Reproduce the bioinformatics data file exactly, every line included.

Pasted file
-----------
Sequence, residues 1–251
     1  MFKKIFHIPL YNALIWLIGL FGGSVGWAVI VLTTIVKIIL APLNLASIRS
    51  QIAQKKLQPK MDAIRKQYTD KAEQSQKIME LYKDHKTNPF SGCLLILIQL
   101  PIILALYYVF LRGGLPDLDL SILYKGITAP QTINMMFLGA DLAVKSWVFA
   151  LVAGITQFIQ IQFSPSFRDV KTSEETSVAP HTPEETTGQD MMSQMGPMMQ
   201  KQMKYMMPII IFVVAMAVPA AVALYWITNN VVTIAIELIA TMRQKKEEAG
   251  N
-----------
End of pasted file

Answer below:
Sequence, residues 1–251
     1  MFKKIFHIPL YNALIWLIGL FGGSVGWAVI VLTTIVKIIL APLNLASIRS
    51  QIAQKKLQPK MDAIRKQYTD KAEQSQKIME LYKDHKTNPF SGCLLILIQL
   101  PIILALYYVF LRGGLPDLDL SILYKGITAP QTINMMFLGA DLAVKSWVFA
   151  LVAGITQFIQ IQFSPSFRDV KTSEETSVAP HTPEETTGQD MMSQMGPMMQ
   201  KQMKYMMPII IFVVAMAVPA AVALYWITNN VVTIAIELIA TMRQKKEEAG
   251  N